Intergenerational dialogue aims to foster future-ready youth for a just transition

A trail of destruction was left by a tornado in Newtown in oThongathi in June this year. Picture: Doctor Ngcobo Independent Newspapers

A trail of destruction was left by a tornado in Newtown in oThongathi in June this year. Picture: Doctor Ngcobo Independent Newspapers

Published Jun 19, 2024


By Yasirah Madhi and Lupumlo Ngcukana

The devastating effects of climate change are evident everywhere in South Africa.

The most recent in an ongoing pattern of floods in KwaZulu-Natal that destroyed infrastructure and livelihoods and killed more than 440 people.

Despite this, an Afrobarometer survey indicated that less than half (43%) of South Africans say they have heard about climate change, while 51% have not heard of the issue.

The youth are particularly important in understanding and acting on climate change because climate change impacts will worsen into the future if its causes are not addressed.

Already, 80% of youth have been directly impacted by climate-related incidents, such as pollution, droughts, and floods.

Since the consequences of the decisions made today will be faced by the youth, it is paramount that they have a voice and a seat at the decision-making table concerning the just transition.

The Green Youth Indaba, held in Durban on June 13–14, illustrated how young people have not remained passive.

Many have chosen to rely more on creating ground movements than on political leadership.

There are growing movements in the South African landscape, with young people protesting at banks and on the shores of the Wild Coast to demand a cleaner future.

They are setting up their capacity-building activities through boot camps, position papers, workshops, and trainings to ensure they are future-ready.

During one particularly notable session at the Green Youth Indaba, an intergenerational dialogue brought together seasoned experts and young activists to share knowledge, strategies, and experiences, fostering a collaborative approach to tackling climate issues by discussing how to create future-ready youth for a just transition

During the intergenerational dialogue, participants highlighted that the transition to a low-carbon and sustainable society should be viewed as an opportunity rather than a challenge.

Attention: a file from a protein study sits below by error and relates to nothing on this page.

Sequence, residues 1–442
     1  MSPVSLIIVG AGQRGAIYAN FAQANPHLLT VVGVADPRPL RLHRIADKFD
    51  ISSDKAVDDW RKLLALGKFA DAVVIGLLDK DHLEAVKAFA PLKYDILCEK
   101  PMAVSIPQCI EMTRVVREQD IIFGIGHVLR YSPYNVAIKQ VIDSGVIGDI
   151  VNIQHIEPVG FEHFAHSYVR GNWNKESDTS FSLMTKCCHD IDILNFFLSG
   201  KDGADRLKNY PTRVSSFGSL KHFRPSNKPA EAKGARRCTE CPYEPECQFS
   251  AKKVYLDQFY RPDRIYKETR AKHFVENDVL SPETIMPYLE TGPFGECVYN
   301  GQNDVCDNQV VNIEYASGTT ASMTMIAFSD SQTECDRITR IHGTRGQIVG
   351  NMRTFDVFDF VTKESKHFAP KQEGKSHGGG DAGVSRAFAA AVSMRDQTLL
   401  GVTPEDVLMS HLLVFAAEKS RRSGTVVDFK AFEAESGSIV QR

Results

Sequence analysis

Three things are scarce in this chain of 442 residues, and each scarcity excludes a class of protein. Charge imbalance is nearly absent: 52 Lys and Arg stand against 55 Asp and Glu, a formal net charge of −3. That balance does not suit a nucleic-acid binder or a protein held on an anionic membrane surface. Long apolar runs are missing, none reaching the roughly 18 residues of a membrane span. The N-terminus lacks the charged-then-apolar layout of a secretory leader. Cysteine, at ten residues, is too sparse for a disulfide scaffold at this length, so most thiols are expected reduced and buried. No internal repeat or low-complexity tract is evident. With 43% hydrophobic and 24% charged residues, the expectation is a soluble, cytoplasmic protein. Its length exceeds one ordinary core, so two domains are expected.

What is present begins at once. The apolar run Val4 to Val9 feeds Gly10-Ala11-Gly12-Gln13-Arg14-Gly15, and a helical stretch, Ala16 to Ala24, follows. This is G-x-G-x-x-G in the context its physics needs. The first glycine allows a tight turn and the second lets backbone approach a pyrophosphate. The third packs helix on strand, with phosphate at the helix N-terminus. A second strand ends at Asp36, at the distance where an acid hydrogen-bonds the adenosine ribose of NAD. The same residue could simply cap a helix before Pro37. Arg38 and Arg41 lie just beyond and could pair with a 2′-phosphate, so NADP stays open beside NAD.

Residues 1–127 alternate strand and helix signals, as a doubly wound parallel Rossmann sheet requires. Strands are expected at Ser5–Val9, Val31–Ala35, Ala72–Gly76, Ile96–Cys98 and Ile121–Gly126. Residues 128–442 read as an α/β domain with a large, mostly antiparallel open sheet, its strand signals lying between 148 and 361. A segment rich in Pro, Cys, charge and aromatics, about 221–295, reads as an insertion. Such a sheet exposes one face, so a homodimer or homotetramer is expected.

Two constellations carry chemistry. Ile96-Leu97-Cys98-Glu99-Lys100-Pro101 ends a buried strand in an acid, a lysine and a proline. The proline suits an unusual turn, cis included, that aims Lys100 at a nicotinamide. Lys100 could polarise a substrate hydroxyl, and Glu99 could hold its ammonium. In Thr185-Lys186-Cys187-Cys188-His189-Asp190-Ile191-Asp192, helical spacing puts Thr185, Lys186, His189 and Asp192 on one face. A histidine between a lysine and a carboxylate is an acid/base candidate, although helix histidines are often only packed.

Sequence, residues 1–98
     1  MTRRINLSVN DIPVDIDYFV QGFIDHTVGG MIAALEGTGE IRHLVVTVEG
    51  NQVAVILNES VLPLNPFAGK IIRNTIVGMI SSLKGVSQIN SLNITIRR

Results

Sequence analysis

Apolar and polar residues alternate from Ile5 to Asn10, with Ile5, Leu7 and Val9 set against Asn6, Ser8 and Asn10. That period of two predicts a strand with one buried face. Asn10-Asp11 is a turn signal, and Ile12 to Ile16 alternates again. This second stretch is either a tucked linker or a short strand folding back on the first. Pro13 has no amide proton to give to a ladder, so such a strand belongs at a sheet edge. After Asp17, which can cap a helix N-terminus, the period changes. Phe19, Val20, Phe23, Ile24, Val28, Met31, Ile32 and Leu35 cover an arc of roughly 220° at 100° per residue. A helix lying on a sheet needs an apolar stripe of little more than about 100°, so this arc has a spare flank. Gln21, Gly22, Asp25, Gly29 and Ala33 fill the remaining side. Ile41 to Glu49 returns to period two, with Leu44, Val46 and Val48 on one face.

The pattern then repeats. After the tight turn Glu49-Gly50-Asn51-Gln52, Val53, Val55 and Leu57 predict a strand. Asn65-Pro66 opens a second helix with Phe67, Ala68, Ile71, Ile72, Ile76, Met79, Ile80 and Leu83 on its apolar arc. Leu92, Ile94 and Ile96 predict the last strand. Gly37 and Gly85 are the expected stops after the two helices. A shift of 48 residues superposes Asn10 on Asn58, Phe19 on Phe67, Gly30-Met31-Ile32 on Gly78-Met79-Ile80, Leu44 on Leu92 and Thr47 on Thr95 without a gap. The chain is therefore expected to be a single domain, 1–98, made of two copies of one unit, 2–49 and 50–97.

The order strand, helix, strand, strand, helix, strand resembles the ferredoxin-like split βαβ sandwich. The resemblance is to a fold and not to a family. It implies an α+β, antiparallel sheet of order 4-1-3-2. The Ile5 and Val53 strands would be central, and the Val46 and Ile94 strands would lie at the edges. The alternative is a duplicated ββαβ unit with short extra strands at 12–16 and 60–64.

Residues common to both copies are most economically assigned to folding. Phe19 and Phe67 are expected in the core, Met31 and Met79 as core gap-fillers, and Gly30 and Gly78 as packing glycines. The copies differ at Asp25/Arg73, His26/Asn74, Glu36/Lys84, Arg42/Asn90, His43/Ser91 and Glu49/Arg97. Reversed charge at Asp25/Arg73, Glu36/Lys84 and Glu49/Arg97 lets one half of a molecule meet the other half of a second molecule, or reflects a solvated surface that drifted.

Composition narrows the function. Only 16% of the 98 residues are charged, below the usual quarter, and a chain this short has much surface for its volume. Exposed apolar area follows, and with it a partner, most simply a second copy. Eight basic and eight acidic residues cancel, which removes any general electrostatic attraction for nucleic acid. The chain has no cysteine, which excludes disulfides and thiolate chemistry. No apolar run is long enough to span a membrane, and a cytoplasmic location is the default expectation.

Young people argued that central to meaningful change is addressing the needs of the most marginalised in society, including the poor, youth, women, and the most affected communities.

This requires a multi-pronged approach to directly address climate change issues, considering the context and challenges of each region.

The dialogue urged policymakers and government officials to create a space for the youth to participate in the policy processes and support their climate change initiatives.

In all instances where decisions are made, the interests of young people should be represented and at the forefront. Solutions must look beyond surface value and seek to assist the community where everyone benefits to ensure a truly just transition. Young people emphasised the need to increase awareness and knowledge about the changing climate and to produce effective resources that empower individuals to create their own change.

However, a key challenge identified is the discrepancy between policy and implementation.

Many policy initiatives are contradictory due to a lack of consensus between various government departments. Youth face a triple burden of unemployment, poverty, and inequality, as well as dysfunctional municipalities, which are crucial for enabling ground-level climate action. The identified mismatch between policies and implementation further highlights the divisions that hinder a just transition.

It is essential to employ and equip young people with the skills needed for a just transition. This involves prioritising TVET colleges and addressing the barriers to skill acquisition.

Beyond traditional degree requirements, there should be advocacy for the importance of learning through training and establishing value to TVET college education. Innovation is also a key requirement, needed from young people, to enable a transition with unique and localised solutions.

Encouraging innovation involves creating spaces for young people to take risks and occasionally fail. The state and key societal actors need to support youth initiatives, be patient with innovation, and understand failure as part of the process.

Most importantly, believing in young people will further empower them to engage in climate action with a mindset to do more for the better of everyone.

The just transition should be perceived as an opportunity to innovate. However, for these innovations to have an impact, they have to go along with measures to address the features of the economy that maintain inequality and poverty and to ensure a sustainable environment.

A key step is ensuring the youth’s participation in political processes around the just transition in meaningful ways. Young people have a crucial role in advocating for themselves and future generations, and their participation in shaping a greener future is essential to a just transition.

Yasirah Madhi and Lupumlo Ngcukana are from the Institute for Economic Justice (IEJ). They write this piece in their capacity as members of the Climate Ambition to Accountability Project – a joint project of the World Wide Fund for Nature (WWF), the Climate Action Network South Africa (SACAN) and the IEJ. The European Union and the Swedish International Development Co-operation Agency co-fund the project. This opinion piece is the sole responsibility of the project team and does not necessarily reflect the views of the European Union and the Swedish International Development Co-operation Agency.